So clearly none of these values are exclusive to anybody, right? So lots of women and non-binary folks are independent, strong, courageous and assertive, for example. On the other hand, you have plenty of men who hate being alone, avoid conflict and can’t stand the thought of being looked to as a leader. The truth is that we all have qualities traditionally seen as masculine and feminine to various degrees. All of us have the capacity to be these things. It’s part of being human. Now you might be saying yourself, wait, but like, most of the men I know ARE more assertive than the women I know, right? Or are more stoic. Or are more independent. So that might be true for you. But how much of it is that those men are naturally confrontational? And how much of it is that they were encouraged from a young age to demand that those needs get met? And how much of it is that the women, you know, were socialized to be more diplomatic?
Kyle: And right away, I think there’s something. You used the word “natural.” We don’t have time to go off on a huge tangent here; maybe it’s fodder for a future episode. But I think in so many conversations, there is this assumption that these traditional notions of gender roles are natural or “just the way it is,” or somehow like ingrained in people. A lot of it goes back to this idea of evolutionary psychology, right? The idea that like, men are better at computer programming because ancient hunters had to assess multiple variables in real time while they’re hunting mastodons and dodging saber-toothed tigers and shit like that. Again, we don’t have to go on a long tangent, but I just want to say that all that is bullshit. It’s pseudoscience, in the same way that phrenology is pseudoscience.
tony: And honestly, you know, all humans are capable of hunting mastodons. They’re slow. And you know, if you have a good sharp thing, you can pierce their hides pretty well, or at least that’s what I hear from my homies. Anyway, the problem isn’t that people have stereotypically masculine or feminine qualities; that’s cool. The problem arises when we take the idea too far and people twist themselves into stereotypes, trying to live up to an impossible ideal. So in men’s case, that could say, you know, we should be capable of leadership, but we should know how to follow each other’s examples, too. We should be strong and resilient, but we should also be able to let our guards down and be vulnerable and grieve when we need to. We should be able to advocate for our own needs, but we should also know how to hear our enemies out and find common ground.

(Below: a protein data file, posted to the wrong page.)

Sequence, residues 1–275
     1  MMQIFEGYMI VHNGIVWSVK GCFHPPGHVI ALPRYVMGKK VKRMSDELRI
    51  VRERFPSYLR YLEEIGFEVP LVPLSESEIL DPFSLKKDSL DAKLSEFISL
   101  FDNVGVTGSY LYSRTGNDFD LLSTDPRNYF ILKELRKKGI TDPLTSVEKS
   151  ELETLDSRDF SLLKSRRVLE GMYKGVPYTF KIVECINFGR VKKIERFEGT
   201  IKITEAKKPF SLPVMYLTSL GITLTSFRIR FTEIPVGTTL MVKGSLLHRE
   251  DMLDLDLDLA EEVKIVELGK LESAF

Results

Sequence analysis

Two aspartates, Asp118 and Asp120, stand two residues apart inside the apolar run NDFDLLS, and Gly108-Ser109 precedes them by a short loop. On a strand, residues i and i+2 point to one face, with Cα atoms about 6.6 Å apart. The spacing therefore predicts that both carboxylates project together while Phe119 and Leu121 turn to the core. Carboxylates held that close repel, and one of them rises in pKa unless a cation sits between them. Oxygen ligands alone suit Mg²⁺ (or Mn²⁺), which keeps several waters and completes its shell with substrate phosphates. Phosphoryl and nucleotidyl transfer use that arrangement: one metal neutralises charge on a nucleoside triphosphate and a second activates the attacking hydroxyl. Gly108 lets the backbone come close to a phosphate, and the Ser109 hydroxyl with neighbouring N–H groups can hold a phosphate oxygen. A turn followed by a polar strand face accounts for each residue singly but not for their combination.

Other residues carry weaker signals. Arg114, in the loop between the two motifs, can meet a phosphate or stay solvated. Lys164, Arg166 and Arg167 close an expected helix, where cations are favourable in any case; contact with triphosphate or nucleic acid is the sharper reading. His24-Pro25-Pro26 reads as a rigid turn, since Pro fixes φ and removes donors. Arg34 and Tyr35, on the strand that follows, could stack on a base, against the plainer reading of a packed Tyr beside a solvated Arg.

Kyle: So when I do this work, I go into colleges; I’m talking about masculinity with young men. One point that comes up a lot is the idea that if you embody one of these traditionally masculine stereotypes, that isn’t necessarily a bad thing. Like, say, you’re not a super emotional person, that you don’t cry a lot. I don’t think that’s necessarily a bad thing. It can be a bad thing. And I think it becomes a bad thing when there’s an expectation that you can’t cry, that you should never cry because it’s “wrong.” I think that’s part of, you know, we’re going to talk about this organization later called A Call to Men. And one of their things is the idea of the man box, that people are stuffed into these gender boxes. You have to fit perfectly into one of the two gender boxes. And if you don’t, there’s something wrong with you. So that’s something we’ll talk about. So another thing that came to mind was this idea that, you know, this balance you’re talking about can be hard for some of us to strike.
I think obviously, there’s the toxic idea that a “real man” has to always be dominant, and the dominant partner in a relationship. And that’s messed up. But like, there’s also this kind of weird opposite of that. Like “real men respect women.” And that’s obviously a positive thing and it’s coming from a good place. But I’m wondering if there’s a problem with the premise of this question in the first place, with the idea that there is such a thing as a quote unquote, real man, because even when it’s positive, it’s still putting up walls, it’s still creating hierarchies. And if we take that question to its logical conclusion. I think we’re left with, you know, the guiding question for today’s episode:
tony: Should we fix masculinity or should we give up on it?